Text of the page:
In our study, participants’ pleasure areas were activated when a charity received money. For some, this in itself would count as an indication of altruism, simply because it indicates a motive that is fulfilled by somebody else’s wellbeing.

Not, however for people who believe, as some philosophers do, that an action is truly altruistic only if it is directed at others’ wellbeing as the ultimate goal, not at deriving pleasure for oneself (see the Kant reference in John’s column). If we actually do possess a basic capacity for getting pleasure out of others’ wellbeing, this creates a slightly paradoxical situation for such philosophical criteria for what is and what is not true altruism.

On the one hand, the capacity for experiencing “altruistic pleasure” is, as our results indicate, one important reason why people can produce acts that at least on the surface appear to be altruistic (and that have all the positive — we hope — consequences of true altruistic acts).

On the other hand, for people who possess this capacity it would be impossible to ever meet the strict criterion for true altruism (unless they somehow actively suppress their altruistic pleasure and then behave altruistically nevertheless). Obviously, we are getting into very academic arguments here.

A more pragmatic question to ask is: In what kind of world would we want to live? The philosopher’s ideal where people might occasionally produce random acts of kindness, but with a pained look on their face? Or one in which evolution, blissfully ignorant of philosophical arguments, has linked altruism with pleasure, thereby making altruistic acts just a little bit easier for us?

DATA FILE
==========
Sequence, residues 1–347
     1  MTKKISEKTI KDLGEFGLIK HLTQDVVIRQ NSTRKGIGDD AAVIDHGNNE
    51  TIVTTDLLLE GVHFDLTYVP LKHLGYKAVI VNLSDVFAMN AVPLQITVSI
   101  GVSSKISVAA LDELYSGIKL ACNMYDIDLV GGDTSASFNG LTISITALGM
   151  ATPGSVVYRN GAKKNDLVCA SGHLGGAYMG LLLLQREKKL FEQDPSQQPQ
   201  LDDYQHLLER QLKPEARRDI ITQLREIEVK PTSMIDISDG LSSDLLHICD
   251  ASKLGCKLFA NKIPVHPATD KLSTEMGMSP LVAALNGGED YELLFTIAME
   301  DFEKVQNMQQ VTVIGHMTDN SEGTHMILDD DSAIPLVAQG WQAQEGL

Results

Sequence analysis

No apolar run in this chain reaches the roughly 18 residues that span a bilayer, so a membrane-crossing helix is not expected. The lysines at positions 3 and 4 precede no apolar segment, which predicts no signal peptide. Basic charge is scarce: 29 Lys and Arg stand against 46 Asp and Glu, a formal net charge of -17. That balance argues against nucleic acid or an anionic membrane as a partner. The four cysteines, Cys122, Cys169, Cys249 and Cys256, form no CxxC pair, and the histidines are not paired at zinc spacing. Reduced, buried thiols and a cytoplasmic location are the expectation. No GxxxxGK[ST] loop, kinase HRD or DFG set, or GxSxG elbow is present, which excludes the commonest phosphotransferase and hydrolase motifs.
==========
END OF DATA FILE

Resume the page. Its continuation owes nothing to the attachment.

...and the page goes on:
So which world would you rather live in? And, without the benefit of a brain scan, what do you think is your chief motivation in making charitable donations? Do you give because it makes you feel good, or because you (in accordance with Kant’s ideal of praiseworthy altruism) are painfully carrying out your duty?

If you'd like to respond, Bill and Dan will be reading your comments. [Bill is also the curator of the world's largest scientifically accurate fabric brain art museum.]

    Posted by on Tuesday, June 19, 2007 at 12:15 AM in Economics, Science, University of Oregon | Permalink  TrackBack (1)  Comments (37)